The Republic of Hungary effectively ended in June 1948, when the Social Democrats were forced to merge with the Communists to form the Hungarian Working People's Party. However, the few independent-minded Social Democrats still left in the party were pushed out in short order. For all intents and purposes, this left the MDP as the MKP under a new name. In August, Tildy was forced out as president in favour of Social Democrat-turned-Communist Árpád Szakasits. That December, Dinnyés was replaced as leader of the Smallholders and prime minister by the openly pro-Communist István Dobi. At the 1949 elections, voters were presented with a single list from the Communist-controlled Independent People's Front, which carried 95 percent of the vote. By this time, fellow travelers had taken over the other parties and turned them into loyal partners of the Communists.

On 18 August 1949, the Parliament passed Hungary's first written constitution (1949/XX.) – a near-carbon copy of the 1936 constitution of the Soviet Union. The name of the country became the People's Republic of Hungary, "the country of the workers and peasants" where "every authority is held by the working people". Socialism was declared as the main goal of the nation. A new coat of arms was adopted with Communist symbols, such as the red star, a hammer, and an ear of wheat.

See also

Related Research Articles

Imre Nagy Hungarian politician

Imre Nagy was a Hungarian communist politician who served as Prime Minister and Chairman of the Council of Ministers of the Hungarian People's Republic from 1953 to 1955. In 1956 Nagy became leader of the Hungarian Revolution of 1956 against the Soviet-backed government, for which he was sentenced to death and executed two years later.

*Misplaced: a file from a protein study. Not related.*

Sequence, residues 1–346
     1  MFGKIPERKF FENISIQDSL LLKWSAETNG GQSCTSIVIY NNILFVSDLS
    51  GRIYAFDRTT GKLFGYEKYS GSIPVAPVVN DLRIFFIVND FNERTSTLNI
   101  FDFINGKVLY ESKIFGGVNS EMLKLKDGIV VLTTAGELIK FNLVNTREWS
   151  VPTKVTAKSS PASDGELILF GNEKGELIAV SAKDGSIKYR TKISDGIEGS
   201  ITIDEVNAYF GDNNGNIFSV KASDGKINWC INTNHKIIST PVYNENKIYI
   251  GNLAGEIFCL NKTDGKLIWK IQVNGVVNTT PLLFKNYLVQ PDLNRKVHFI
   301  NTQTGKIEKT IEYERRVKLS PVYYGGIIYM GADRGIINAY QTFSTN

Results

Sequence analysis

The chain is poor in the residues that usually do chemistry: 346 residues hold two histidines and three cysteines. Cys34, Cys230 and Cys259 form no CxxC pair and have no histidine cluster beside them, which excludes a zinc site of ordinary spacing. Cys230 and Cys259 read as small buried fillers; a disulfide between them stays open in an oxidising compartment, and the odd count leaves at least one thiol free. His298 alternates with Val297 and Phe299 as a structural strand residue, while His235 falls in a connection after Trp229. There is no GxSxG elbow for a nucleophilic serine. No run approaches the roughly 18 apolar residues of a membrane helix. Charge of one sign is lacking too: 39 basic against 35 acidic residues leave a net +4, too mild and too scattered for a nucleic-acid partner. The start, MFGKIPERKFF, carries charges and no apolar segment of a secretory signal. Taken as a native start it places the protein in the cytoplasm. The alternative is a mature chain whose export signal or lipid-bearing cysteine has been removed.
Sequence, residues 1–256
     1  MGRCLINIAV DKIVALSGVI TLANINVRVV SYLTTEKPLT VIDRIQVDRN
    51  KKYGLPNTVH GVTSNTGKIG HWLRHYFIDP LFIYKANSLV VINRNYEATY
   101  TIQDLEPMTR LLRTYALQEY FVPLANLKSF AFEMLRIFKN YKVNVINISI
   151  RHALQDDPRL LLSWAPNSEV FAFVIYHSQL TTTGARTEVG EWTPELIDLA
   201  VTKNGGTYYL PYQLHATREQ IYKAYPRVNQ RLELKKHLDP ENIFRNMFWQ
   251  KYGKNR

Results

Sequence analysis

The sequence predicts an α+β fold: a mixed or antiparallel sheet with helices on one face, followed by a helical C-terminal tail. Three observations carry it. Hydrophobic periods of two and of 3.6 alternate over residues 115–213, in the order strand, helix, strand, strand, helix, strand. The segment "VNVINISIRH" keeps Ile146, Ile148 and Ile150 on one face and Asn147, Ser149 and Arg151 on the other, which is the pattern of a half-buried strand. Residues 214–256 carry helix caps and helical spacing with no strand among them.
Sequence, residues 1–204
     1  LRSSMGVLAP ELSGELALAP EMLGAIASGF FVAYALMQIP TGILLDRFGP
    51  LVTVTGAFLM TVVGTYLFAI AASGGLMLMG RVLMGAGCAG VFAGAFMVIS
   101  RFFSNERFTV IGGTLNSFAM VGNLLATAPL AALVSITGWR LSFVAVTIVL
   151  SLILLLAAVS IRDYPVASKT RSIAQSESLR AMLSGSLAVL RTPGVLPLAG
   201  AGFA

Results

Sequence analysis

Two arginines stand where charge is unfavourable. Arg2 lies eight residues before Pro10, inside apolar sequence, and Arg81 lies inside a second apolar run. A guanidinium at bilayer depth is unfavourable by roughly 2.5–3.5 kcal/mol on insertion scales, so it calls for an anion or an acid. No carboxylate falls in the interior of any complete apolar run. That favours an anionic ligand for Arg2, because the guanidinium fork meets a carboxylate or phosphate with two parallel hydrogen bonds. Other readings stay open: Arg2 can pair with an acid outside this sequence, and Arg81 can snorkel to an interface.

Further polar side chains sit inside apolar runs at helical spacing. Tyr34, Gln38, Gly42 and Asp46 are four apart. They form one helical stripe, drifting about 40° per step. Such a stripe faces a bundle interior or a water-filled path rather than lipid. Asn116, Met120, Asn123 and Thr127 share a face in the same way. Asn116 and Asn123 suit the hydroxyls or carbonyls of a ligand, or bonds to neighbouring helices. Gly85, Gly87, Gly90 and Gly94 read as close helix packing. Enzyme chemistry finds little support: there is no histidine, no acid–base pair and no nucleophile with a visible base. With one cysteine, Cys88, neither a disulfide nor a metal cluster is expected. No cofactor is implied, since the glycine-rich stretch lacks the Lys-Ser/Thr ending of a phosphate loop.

Ernő Gerő Hungarian politician

Ernő Gerő was a Hungarian Communist Party leader in the period after World War II and briefly in 1956 the most powerful man in Hungary as the second secretary of its ruling communist party.

Mátyás Rákosi Hungarian Communist leader

Mátyás Rákosi was a Hungarian communist politician who was the de facto leader of Hungary from 1947 to 1956. He served first as General Secretary of the Hungarian Communist Party (1945–48) and later holding the same post with the Hungarian Working People's Party (1948–56).

Zoltán Tildy President of Hungary

Zoltán Tildy, was an influential leader of Hungary, who served as Prime Minister from 1945–1946 and President from 1946 until 1948 in the post-war period before the seizure of power by Soviet-backed communists.

István Dobi Hungarian politician

István Dobi was a Hungarian politician who was the Prime Minister of Hungary from 1948 to 1952 and Chairman of the Presidential Council of the Hungarian People's Republic from 1952 to 1967.

Lajos Dinnyés Hungarian politician

Lajos Dinnyés was a Hungarian politician of the Smallholders Party who served as the last pre-communist Prime Minister of Hungary from 1947 to 1948.

Ferenc Nagy Hungarian politician